In this crazy image, all the horizontal lines are actually straight – if there is such a thing as straight! Perception messes with our heads in so many way.
Perception is one of my favourite words. It embodies so much of what we all so often believe to be ‘the truth’. This makes perception an indispensable instrument in my armoury as a novel writer, not only because it allows diversity in the point of view of characters within the story, but because, in the writing, it allows the writer to play with the reader’s interpretation of events as they unfold – does the reader believe character ‘A’ is right, or character ‘B’, or does the reader believe ‘the truth’ lies beyond the perception of both these characters.
The desire for mystery-solving is nectar to the pallet of any reader that’s fascinated by books offering intrigue and suspense, testing their powers of deduction as they tussle for the one right answer – to behold – the truth.
For my part, I enjoy puzzles, be that a knotted necklace chain, a 20-piece wooden block, two twisted nails seemingly tangles never to be parted or the six-piece puzzle ring I wear on my finger that took me four days to solve the first time it fell apart – and the second time and the third time too!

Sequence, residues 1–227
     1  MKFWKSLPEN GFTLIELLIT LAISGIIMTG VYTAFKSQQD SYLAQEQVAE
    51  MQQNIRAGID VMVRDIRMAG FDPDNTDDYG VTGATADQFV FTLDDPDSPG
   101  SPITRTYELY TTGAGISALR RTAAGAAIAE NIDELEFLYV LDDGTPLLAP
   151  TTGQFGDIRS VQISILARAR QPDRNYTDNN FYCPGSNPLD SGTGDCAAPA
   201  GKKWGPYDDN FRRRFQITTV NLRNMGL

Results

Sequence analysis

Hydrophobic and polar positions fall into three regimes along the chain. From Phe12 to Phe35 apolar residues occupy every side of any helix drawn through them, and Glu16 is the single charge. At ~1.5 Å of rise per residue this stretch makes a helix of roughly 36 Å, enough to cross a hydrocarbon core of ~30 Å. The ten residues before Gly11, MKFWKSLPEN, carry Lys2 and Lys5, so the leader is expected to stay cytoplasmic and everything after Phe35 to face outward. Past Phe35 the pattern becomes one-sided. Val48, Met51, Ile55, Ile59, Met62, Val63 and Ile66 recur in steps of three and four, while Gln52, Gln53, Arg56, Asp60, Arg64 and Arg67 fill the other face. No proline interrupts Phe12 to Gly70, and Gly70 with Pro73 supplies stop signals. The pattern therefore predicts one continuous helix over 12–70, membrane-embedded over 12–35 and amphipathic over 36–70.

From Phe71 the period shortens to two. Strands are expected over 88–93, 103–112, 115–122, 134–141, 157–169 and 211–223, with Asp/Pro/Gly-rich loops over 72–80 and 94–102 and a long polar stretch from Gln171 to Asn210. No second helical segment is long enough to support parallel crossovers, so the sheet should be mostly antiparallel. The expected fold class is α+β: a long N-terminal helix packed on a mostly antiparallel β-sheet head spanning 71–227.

I ‘get’ that puzzle ring now and usually bring it back together in about fifteen minutes – but it’s not the ‘getting there’ that matters to me as much as it is the journey of discovery.
Even when I fail at any puzzle and have to resort to being shown the answer, I can still smile, recalling the exercise I gave my brain along the way, and being sure that next time, I’ll be the wiser and the faster at getting to that elusive truth.
Much of that is true of a good mystery novel too. It shouldn’t matter if the revealed truth had out-foxed you to the end, what mattered was the journey, the brain teasers and the piece of mind in a satisfying conclusion. my one caveat: There is a huge difference between mystified and confused – it does not bode well to confuse a reader, they’re most likely to give up and move on, befuddled. (Love that word!)
Of my novel, ‘White Ashes’ Amazon reviewer, ‘Joanie’ wrote:
“The author’s timing and flow of the story was perfect and I liked the way he placed all the parts of the story together like one of those sliding tile puzzles … with each mini puzzle that I was able to read and say ‘aha!’ I was waiting eagerly for the next, and then the next, and in the end I was satisfied.”
Thank you, Joanie, your ‘White Ashes’ journey was all I would have wished for.